SALT LAKE CITY — The Senate gave preliminary approval Tuesday to a pair of bills intended to allow patients with less than six months to live to try medicinal cannabis products produced from marijuana grown by the state.
Senate Minority Whip Karen Mayne, D-West Valley City, urged support of HB195, saying her late husband, former state Sen. Ed Mayne, was told a decade ago by his doctor that marijuana would ease his suffering from the "worst of the worst cancer."
Mayne said he decided against taking the advice because "he was a senator and didn't want to go there." She said although he was given two years to live, he died within nine months.
"We need to give relief. That's what we're here for. We're here to help," Mayne said. She said senior citizens "are using this and it is coming. You need to give guidelines for them, give relief to not just the patients, but the families."
The sponsor of HB195, Sen. Evan Vickers, R-Cedar City, said the "right to try" bill gives a patient determined by a doctor as having less than six months to live the opportunity to try medicinal forms of marijuana other than smoking or inhalation.
"It is what it is," Vickers said of the bill, noting it is opposed by backers of an initiative to legalize medical marijuana that could go before voters in November. He said he doesn't understand their opposition.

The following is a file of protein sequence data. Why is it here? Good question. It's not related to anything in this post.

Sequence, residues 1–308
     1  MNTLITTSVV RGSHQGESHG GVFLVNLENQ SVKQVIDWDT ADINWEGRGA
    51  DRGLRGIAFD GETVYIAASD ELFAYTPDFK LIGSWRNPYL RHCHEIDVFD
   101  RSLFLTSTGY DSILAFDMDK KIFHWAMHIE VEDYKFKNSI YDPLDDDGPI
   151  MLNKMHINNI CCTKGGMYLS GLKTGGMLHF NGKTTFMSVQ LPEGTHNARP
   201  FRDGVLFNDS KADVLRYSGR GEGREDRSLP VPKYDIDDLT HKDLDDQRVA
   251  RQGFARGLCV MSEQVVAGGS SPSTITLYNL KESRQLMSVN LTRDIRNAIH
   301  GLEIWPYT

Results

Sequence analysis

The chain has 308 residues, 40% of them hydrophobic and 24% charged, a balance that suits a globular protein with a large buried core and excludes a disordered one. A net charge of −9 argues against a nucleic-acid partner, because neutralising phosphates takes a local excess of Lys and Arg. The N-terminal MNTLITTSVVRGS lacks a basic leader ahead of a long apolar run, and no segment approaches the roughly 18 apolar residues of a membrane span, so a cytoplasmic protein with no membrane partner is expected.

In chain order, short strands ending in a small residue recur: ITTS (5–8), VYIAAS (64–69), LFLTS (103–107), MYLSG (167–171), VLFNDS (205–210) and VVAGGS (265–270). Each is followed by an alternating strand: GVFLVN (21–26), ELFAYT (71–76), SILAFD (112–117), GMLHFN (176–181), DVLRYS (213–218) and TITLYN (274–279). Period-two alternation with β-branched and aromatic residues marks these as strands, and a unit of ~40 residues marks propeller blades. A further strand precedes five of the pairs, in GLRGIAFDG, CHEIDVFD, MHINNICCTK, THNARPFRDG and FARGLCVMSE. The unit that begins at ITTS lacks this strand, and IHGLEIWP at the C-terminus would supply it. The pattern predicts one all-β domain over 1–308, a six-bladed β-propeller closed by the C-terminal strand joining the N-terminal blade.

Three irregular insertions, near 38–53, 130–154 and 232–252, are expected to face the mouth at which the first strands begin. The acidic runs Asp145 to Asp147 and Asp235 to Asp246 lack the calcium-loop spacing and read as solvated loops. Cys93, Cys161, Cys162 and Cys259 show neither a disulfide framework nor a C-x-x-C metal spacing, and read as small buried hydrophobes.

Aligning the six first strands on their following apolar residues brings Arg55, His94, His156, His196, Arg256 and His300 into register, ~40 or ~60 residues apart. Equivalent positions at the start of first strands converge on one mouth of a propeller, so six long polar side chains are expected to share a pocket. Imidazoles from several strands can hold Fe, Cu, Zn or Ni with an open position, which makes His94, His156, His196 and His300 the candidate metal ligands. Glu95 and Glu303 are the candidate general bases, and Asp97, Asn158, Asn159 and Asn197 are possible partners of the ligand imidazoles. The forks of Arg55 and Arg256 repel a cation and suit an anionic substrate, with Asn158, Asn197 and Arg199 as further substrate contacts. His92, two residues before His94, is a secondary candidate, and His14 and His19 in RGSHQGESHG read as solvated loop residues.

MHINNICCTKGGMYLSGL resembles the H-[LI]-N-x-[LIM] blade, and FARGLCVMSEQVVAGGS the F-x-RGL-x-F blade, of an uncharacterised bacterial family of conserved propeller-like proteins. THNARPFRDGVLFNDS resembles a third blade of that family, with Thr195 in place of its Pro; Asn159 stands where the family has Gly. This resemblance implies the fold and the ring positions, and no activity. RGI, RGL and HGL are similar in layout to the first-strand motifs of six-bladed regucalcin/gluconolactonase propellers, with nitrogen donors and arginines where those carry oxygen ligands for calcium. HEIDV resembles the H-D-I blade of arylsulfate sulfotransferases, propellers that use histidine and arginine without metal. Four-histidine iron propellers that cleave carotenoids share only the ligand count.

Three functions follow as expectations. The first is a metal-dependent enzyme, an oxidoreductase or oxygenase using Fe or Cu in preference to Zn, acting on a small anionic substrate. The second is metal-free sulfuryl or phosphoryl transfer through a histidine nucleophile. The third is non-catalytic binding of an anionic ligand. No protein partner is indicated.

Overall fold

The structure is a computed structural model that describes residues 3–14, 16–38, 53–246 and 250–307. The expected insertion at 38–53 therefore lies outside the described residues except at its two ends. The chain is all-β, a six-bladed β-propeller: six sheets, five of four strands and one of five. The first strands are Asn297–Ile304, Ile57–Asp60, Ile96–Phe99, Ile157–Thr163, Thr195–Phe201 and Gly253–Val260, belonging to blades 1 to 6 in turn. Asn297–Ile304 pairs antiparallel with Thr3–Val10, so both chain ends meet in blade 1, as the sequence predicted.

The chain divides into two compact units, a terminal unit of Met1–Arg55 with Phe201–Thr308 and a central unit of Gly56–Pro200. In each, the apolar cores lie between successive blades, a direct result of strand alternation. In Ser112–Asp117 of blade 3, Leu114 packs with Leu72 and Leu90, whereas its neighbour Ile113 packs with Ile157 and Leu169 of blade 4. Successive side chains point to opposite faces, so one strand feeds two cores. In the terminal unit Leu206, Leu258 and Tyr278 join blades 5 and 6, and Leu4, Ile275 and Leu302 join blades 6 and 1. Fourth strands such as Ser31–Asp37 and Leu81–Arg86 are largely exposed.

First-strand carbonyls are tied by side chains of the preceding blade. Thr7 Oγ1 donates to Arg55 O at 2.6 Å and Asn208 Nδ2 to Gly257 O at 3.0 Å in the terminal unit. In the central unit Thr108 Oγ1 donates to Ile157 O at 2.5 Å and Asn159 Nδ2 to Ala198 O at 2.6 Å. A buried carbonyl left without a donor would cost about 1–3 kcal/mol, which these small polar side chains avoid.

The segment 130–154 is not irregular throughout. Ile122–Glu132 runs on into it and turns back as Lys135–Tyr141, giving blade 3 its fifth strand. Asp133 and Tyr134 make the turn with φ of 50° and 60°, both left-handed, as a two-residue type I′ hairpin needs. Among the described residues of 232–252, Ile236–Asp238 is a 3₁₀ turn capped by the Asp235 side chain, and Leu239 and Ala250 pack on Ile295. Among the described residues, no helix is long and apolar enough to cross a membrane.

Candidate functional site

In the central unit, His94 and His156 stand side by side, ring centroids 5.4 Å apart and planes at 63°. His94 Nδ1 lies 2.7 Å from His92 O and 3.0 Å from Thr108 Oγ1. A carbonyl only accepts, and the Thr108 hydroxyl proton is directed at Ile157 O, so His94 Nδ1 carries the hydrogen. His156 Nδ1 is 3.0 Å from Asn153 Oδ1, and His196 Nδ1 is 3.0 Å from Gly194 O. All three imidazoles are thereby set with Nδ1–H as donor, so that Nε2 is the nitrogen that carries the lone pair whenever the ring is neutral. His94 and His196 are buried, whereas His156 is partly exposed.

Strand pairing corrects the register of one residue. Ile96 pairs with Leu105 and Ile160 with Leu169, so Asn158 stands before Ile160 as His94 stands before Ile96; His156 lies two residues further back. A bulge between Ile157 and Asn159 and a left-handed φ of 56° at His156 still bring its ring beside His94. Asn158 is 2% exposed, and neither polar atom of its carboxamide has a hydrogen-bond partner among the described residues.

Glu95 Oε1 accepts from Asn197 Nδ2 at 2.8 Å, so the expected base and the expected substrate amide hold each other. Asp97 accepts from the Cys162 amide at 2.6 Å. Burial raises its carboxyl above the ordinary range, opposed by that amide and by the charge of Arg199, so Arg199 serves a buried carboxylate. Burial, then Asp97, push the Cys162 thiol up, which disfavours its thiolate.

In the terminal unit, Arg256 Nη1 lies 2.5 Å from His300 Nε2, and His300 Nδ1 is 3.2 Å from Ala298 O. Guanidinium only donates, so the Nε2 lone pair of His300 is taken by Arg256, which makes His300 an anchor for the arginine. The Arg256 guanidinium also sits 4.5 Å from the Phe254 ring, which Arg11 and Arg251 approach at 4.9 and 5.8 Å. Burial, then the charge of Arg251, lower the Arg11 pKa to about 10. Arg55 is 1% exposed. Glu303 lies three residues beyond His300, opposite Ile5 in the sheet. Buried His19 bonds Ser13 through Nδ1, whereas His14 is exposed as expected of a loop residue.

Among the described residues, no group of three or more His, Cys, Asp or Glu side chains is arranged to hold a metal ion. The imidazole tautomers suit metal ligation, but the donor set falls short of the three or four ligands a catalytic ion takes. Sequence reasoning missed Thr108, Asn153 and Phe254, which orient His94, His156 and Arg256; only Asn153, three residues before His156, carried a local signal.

This bill, Vickers said, "needs to stand on its own merits. It has the potential to help some people."
Senate Assistant Minority Whip Luz Escamilla, D-Salt Lake City, raised concerns about the definition of a terminally ill patient, asking, "If you get better because you get relief, is that not supposed to be the purpose of this?"
HB195, which has already passed the House, was advanced 22-4 to a final vote by the Senate.
A companion bill, HB197, that directs the Department of Agriculture to grow cannabis in the state for use by the approved patients, was given preliminary approval by the Senate, 22-3, and is awaiting funding before a final vote.
The House passed another Vickers' bill, SB130, directing the state to apply for a federal waiver for doctors to prescribe cannabidiol, or CBD oil, through a pharmacy. The product can't now be sold legally, though its available throughout the state.
Rep. Susan Duckworth, D-Magna, said she buys it at a health food store.
"Are they selling that illegally?" she asked on the House floor. "At the health food store?"
House sponsor Rep. Brad Daw, R-Orem, said the bill, which passed 49-20, allows the state to regulate CBD oil to ensure proper labeling and head off the sale of fake products.
Contributing: Dennis Romboy